When I was in school (not so long ago) I wrote two columns for the school newspaper in order to open the minds of my colleagues to the wider possibilities of teh booz. As a bon vivant, serious chef, and equally serious drinker, I am not satisfied with just one side of one thing. Like Alton Brown, I need everything in my life to be useful or beautiful in more ways than one. So it is with his cooking implements, and so it is with my drink. What is the point of buying something you will only ever experience in one way?
As I tried to point out in my short-run column, cooking with alcohol can immediately elevate the sophistication of a dish, especially if you are a poor college student. Steak with port sauce sounds a lot cooler than just steak. And moreover, if you try hard, you can do it cheaply. For example, I currently have like a gallon of cheap port sitting on my countertop.
My recent attempts to get friendlier with my copy of that longtime bible of cuisine, "Mastering the Art of French Cooking", have reawakened a desire in me to cook with booze. Mainly because cooking with booze is well-nigh one of the foundations of French cooking. That, and it makes for some good blog posts. Without further ado, I'd like to kick it off by offering you a reprint of my first column. Keep in mind that this was tailored for college students; if you have nice things, don't let my sassy instructions keep you from using them.
Readers, while I cannot in print endorse or support underage drinking, I think we can all say that alcohol is one of nature's great gifts to humanity. Besides getting you drunk, booze also has the magical property of making food taste DELICIOUS, which is something everyone can enjoy even if they don't drink. You can save yourself a lot of money and impress the hell out of whoever is eating at your place by mastering the art of cooking with booze. Let me take you there.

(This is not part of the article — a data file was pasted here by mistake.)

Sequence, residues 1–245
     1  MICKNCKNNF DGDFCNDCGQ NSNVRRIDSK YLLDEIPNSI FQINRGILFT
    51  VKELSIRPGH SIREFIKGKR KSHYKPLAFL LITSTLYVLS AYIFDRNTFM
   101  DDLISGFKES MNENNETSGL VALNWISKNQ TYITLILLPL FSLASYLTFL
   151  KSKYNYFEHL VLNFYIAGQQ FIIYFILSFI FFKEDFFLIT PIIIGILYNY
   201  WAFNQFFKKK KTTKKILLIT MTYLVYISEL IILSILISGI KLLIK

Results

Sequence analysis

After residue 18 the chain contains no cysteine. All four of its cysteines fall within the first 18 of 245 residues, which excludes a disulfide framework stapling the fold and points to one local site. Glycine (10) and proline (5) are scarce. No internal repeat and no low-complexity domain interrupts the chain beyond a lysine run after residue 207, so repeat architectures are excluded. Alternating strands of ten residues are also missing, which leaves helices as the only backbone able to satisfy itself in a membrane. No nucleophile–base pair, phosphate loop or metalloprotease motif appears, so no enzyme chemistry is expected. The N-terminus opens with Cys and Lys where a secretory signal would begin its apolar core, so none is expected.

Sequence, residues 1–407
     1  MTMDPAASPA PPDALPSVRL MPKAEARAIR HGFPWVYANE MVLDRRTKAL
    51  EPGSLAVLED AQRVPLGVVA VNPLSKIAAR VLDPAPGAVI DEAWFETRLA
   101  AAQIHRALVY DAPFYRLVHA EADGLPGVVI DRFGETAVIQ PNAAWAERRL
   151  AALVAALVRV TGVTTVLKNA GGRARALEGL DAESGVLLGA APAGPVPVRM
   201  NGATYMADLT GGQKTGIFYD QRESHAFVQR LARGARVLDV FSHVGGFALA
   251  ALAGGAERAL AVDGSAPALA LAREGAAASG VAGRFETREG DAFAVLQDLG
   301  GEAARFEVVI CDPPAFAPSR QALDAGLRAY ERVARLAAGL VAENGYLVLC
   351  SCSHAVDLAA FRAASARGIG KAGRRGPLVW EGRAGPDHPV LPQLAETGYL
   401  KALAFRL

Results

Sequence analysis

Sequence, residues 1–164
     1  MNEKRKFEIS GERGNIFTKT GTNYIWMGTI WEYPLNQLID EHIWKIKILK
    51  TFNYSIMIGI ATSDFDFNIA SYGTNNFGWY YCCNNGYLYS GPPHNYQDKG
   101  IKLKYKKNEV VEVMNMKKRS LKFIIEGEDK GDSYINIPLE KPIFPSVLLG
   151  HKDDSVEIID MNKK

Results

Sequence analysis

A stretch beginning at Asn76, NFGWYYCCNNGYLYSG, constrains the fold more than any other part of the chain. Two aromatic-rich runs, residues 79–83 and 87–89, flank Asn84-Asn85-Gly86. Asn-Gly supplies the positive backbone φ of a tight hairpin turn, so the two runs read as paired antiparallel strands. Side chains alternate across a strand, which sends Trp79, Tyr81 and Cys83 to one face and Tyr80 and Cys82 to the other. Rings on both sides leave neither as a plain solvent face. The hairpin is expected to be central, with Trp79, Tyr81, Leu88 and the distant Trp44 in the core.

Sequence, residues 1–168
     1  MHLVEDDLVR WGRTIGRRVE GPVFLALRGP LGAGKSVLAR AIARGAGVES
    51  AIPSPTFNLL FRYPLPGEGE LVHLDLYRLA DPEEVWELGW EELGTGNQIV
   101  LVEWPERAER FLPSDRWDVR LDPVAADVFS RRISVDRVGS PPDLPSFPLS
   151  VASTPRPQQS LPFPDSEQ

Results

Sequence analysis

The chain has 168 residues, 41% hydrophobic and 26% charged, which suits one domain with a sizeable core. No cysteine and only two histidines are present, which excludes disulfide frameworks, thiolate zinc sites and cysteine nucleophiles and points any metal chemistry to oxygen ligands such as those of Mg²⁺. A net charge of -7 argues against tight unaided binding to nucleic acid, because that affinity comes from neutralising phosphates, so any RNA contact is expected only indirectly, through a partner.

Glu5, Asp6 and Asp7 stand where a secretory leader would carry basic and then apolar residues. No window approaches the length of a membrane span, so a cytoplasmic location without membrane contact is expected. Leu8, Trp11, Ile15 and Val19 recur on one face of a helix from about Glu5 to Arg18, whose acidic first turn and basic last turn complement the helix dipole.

This month's booze is bourbon. If you live under a rock and don't know what bourbon is, it's a type of whiskey produced and favored by the American South. Bourbon tastes excellent with muddled mint leaves, AKA the 'Mint Julep'.
Bourbon also tastes great in sauces and marinades. As I found out thanks to Tarah at Genesis of a Cook, it also tastes great in DESSERT. Here is Tarah's recipe for Vanilla Bourbon Bread with Walnut Coffee Crumble, translated by me into College Student:
For Crumble Topping
1/2 cup walnuts
2 tbsp. brown sugar
2 tbsp. flour
2 tbsp. cold butter
1 tsp. instant coffee
1/4 tsp. cinnamon
For the Bread
2 cups flour
3/4 cup powdered sugar
3/4 cup brown sugar
2 tsp. baking powder
1 1/2 cup heavy cream
3 large eggs
2 tbsp. bourbon
2 tbsp. vanilla extract
3/4 tsp. salt
You will also need a 9x5 baking pan.
1. Preheat your oven to 350 degrees and grease that pan.
2. Put all the ingredients for the crumble in one bowl and then mix it. Don't worry about it; it doesn't need to be hardcore mixed.
3. Put all of the dry ingredients for the bread in a different, much bigger bowl. Mix them together until it's all nice and evenly mixed. Be careful, because if you're an out of control mixing freak you're going to get flour everywhere.
4. Add the wet ingredients to the dry ones. If you want to, you can add more than just 2 tsp of bourbon - though not TOO much. I personally think that another tsp would be awesome, but YMMV. Stir until ingredients are combined. If you don't have a mixer, don't sweat it - small lumps will come out fine.
5. Pour the batter into your greased pan, and top with the crumble. Bake for 40-50m, or until it's done (if you stick a toothpick in it, it comes up clean).